The Justice Brothers Radiator Cooler, which brought us down to 177 F at several points during our test drive and usually hovered in the low 180 F zone, caught us off guard. We weren't expecting results that low after testing some of the other products. These readings were all taken when using pure distilled water mixed with the cooling agent alone. When subjected to an antifreeze mix, as expected, the results weren't as impressive but still reduced temperatures a bit. We saw a similar temperature increase just like we did with DEI's Radiator Relief. The water-based Justice Brothers solution not only produced the lowest cruising temperatures but also the lowest temperatures at freeway speeds and high-load hill climbs. As for cylinder head temperatures, Justice Brothers' Radiator Cooler came in second place at 193 F.
And The Winner Is...
So who's the overall winner? Well, that depends on what's most important to you, since each product performed best in different ways when subjected to different conditions. For the best in overall cooling when mixed with water alone, Justice Brothers' Radiator Cooler takes the lead. Its cruising and freeway temperatures were the lowest, which is where we spent most of our test time. But DEI's Radiator Relief wasn't far off. And to be fair, Radiator Relief was subjected to 5 F hotter temperatures outside during its test period. This could explain some of the discrepancy between the two products when mixed with pure water. But despite the hotter outside temperature, Radiator Relief still outshone the competition with the lowest cylinder head temperature and by far the lowest idling temperature. As for Red Line's Water Wetter and Hy-Per Lube's Super Coolant, these two proved to be the best of all products when subjected to an antifreeze mixture. Temperatures were naturally hotter than when tested with pure water, but negligibly. As far as our test results are concerned, we see no reason not to run an antifreeze mixture when it comes to these two.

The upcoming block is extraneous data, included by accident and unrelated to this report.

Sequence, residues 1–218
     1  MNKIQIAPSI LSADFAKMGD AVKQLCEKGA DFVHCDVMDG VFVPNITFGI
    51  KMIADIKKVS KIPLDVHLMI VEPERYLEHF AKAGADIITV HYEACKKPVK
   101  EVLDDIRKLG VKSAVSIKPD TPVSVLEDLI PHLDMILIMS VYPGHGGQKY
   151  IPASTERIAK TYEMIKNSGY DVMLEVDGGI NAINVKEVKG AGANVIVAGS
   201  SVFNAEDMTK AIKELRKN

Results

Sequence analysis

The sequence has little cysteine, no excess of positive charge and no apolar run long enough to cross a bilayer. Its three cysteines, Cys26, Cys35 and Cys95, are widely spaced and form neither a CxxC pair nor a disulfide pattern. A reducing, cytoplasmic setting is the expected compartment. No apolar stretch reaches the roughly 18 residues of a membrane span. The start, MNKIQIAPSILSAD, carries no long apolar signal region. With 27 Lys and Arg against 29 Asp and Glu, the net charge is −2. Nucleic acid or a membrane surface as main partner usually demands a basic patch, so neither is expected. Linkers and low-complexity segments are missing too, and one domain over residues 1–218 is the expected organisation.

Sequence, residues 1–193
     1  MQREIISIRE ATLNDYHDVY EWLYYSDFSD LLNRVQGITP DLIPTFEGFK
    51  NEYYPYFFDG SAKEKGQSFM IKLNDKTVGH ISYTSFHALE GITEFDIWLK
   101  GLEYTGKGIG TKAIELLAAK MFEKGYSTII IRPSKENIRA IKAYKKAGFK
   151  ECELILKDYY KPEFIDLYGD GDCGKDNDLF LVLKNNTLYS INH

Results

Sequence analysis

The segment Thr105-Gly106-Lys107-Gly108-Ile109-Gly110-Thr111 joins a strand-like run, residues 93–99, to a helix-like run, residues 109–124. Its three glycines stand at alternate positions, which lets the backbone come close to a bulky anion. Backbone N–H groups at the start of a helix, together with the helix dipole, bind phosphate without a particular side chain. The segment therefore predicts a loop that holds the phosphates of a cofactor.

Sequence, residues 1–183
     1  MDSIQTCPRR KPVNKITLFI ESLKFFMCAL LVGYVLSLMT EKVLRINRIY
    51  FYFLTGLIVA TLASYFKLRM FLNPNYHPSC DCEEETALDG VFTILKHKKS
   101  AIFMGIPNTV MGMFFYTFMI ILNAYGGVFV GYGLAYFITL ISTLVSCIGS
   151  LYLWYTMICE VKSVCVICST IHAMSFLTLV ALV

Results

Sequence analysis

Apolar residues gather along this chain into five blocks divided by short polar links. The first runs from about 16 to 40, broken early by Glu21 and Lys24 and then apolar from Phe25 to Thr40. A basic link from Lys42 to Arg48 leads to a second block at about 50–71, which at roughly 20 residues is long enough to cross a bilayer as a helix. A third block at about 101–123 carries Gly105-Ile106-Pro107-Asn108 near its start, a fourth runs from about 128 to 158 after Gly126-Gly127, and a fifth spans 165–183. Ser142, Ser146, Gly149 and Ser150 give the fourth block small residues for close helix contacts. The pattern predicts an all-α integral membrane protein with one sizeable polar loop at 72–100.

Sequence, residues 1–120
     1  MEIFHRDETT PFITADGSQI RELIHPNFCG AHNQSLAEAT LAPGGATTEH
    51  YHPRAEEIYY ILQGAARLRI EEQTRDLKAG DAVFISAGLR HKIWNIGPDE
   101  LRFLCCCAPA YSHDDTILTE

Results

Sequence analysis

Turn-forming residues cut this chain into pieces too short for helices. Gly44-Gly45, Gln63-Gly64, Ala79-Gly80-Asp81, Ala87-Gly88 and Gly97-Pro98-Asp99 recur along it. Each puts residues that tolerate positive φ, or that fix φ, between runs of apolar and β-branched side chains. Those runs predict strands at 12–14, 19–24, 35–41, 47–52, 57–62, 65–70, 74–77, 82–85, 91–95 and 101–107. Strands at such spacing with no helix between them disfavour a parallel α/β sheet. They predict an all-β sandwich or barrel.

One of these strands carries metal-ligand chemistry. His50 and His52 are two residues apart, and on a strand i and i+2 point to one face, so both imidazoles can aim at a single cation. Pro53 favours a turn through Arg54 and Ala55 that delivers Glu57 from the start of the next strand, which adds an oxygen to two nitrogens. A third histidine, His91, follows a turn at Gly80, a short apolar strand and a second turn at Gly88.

DEI's Radiator Relief gave our Civic the lowest cylinder head temperatures and lowest idling temperatures out of the bunch when mixed with pure distilled water. It also came in second place as far as average temperatures go when mixed with straight water.
Red Line's Water Wetter proved to be the best all around cooling agent when mixed with a 30/70 antifreeze/water mix. We saw readings as low as 197 F at the cylinder head and the most efficient heat transfer through the radiator at just over eight percent.
Hy-Per Lube's Super Coolant was almost identical to Red Line's Water Wetter as far as results go when mixed with antifreeze, but it did better the Water Wetter when it came to heavy load and lengthy idling - not by much though.
Justice Brothers' Radiator Cooler gave us the lowest temperature during our testing - 177 F - and provided the lowest average temperatures overall when mixed with water alone.
| ||STOCK ||DEI ||RED LINE ||JUSTICE BROTHERS ||HY-PER LUBE |
|Mixture ||50/50 ||Water ||30/70 ||Water ||30/70 |
|Outside Temp. ||72F ||70F ||62F ||65F ||65F |
|Cruising Temp. ||196F ||183F ||187F ||181F ||188F |
|4000 rpm / 75 mph ||198F ||190F ||186F ||183F ||187F |
|5000 rpm Hill Climb ||215F + ||205F ||208F ||203F ||207F |
|Extended Idling ||215F + ||200F ||205F ||205F ||204 |
|Cylinder Head Temp. ||208F ||191F ||197F ||193F ||198F |
|Radiator Temp. Drop ||5% ||7% ||8% ||8% ||7% |